Phoenix Mayor Phil Gordon apparently os breaking his silence about the State of Downtown Fund, graciously granting the Arizona Republic an interview.
The article states that Gordon isn't using any of the money donated by corporations and businesses to the State of Downtown Fund for personal use. And he points out that there aren't any laws that specifically dictate how that money can be spent.
What Gordon didn't answer in the Republic article is: Who was reimbursed $3,221 in 2008 for "NFL charges"? And what was that money spent on?
Was that money used to get Gordon and his girlfriend and former political fundraiser, Elissa Mullany, into the 2008 Super Bowl? Because that would certainly fall under "personal use."
Photographs on Mullany's Facebook page revealed she attended the Super Bowl.
Dave Roderique, CEO of the Downtown Phoenix Partnership that administers the State of Downtown Fund, said that the invoice for that expense didn't indicate who got the money or who went to the game.
Gordon's chief of staff, Debra Stark, previously said she relayed New Times' question to the mayor, but his only response was that questions had to be submitted in writing to him.
New Times asked that question, and several others in writing, on April 19. Gordon has not responded.
It's easy for Gordon to maintain that the money was all used appropriately -- only for marketing and promoting downtown -- when shoddy or incomplete record-keeping doesn't provide even a clue to who is getting the money.
We asked Gordon, who told the Republic that he has final say over expenses in the State of Downtown account, to explain a few of those expenses.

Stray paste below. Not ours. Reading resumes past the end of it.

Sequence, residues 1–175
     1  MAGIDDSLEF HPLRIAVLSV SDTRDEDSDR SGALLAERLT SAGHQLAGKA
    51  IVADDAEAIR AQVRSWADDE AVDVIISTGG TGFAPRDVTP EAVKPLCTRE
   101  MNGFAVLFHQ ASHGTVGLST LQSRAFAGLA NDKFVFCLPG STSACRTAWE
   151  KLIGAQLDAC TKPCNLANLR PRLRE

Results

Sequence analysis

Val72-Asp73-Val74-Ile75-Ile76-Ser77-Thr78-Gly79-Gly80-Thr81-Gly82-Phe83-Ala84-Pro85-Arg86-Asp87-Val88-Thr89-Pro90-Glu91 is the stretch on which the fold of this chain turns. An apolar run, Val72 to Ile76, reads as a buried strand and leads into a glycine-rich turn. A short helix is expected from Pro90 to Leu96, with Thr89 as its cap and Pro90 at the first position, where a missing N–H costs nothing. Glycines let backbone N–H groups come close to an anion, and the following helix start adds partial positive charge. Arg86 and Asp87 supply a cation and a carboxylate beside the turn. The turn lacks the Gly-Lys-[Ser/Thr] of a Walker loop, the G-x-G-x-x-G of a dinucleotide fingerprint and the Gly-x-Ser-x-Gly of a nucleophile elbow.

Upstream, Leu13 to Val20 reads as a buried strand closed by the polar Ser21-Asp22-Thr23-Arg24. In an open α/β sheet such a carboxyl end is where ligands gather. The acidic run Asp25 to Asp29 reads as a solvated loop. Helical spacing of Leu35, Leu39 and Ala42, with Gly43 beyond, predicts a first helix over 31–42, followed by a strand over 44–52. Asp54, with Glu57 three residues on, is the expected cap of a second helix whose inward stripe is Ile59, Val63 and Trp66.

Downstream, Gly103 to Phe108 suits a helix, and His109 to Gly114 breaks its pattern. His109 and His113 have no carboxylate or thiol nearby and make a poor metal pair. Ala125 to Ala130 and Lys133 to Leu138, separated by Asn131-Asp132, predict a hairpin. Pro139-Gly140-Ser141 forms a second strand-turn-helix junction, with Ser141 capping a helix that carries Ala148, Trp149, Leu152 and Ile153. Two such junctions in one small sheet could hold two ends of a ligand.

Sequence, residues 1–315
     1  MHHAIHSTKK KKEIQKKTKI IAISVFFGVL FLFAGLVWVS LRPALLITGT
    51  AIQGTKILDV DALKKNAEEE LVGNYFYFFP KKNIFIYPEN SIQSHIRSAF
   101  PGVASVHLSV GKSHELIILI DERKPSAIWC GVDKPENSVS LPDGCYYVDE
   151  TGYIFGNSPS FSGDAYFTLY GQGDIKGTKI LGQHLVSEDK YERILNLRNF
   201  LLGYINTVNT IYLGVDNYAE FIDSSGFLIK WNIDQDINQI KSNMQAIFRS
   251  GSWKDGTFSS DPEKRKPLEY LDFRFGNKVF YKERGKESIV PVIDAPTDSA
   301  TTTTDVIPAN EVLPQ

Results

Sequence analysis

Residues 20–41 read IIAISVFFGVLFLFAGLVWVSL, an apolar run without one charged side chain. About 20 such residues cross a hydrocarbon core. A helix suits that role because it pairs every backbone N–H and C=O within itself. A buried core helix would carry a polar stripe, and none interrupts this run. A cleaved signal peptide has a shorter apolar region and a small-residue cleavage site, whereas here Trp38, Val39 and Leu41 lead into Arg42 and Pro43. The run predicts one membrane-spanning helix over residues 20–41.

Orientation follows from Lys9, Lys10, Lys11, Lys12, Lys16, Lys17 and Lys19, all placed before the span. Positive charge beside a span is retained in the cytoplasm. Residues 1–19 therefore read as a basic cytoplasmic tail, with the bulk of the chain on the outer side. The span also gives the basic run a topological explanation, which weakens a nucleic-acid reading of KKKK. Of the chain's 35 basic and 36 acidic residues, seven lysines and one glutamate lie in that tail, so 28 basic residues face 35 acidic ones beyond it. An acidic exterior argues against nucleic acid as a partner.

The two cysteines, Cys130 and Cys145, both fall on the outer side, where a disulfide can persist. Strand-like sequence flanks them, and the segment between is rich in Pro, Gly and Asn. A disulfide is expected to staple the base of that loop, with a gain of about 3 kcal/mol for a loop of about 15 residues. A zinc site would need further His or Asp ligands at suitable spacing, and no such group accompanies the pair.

For example, in September and October 2009, the State of Downtown spent $10,914 and $1,495, respectively, on "City Events." We asked what specific "City Eents" these expenditures entailed.
We also asked: What company or individual was paid $21,424 in November 2009 to manage the State of Downtown event? And in February 2008, the State of Downtown shows a reimbursement of $3,221 for NFL charges. Who was reimbursed, and why?
Roderique has said the invoice for that expense did not include who attended the Super Bowl game.
We asked Gordon who used the tickets?
The truth will eventually come out.
Just as it did regarding Gordon's girlfriend working for Phoenix mega developer Steve Ellman. Gordon told New Times that he wasn't going to answer questions about who her clients were, and e-mails from Gordon's hired flak at the time indicate that staff members were told to say they weren't aware of whether Mullany was working for Ellman.
Those same e-mails, requested by New Times, revealed that Mullany did have a contract with Ellman for at least six months in 2009. And Ellman has a redevelopment project in central Phoenix that is expected to eventually work its way before the City Council.
The lack of transparency from the Mayor's Office is troubling.
Perhaps a review of the city's Ethics Handbook is in order. In its opening statement, it reminds elected officials and employees that city policy is to "uphold, promote and demand the highest standards of ethics" and that "the City Council should maintain the utmost standards of personal integrity, truthfulness, honesty and fairness ... avoid any improprieties in their roles as public servants, and never use their City position or powers for improper personal gain."
The Ethics Handbook's section on "Gifts, Favors and Extra Compensation" calls for a "total prohibition" on accepting "tickets to attend or participate in any sporting or cultural event or activity" that are paid for by anyone who has business before the city, "regardless of the amount of the expenditure and regardless of whether or not there is any intent or the appearance of any intent to influence a municipal decision."
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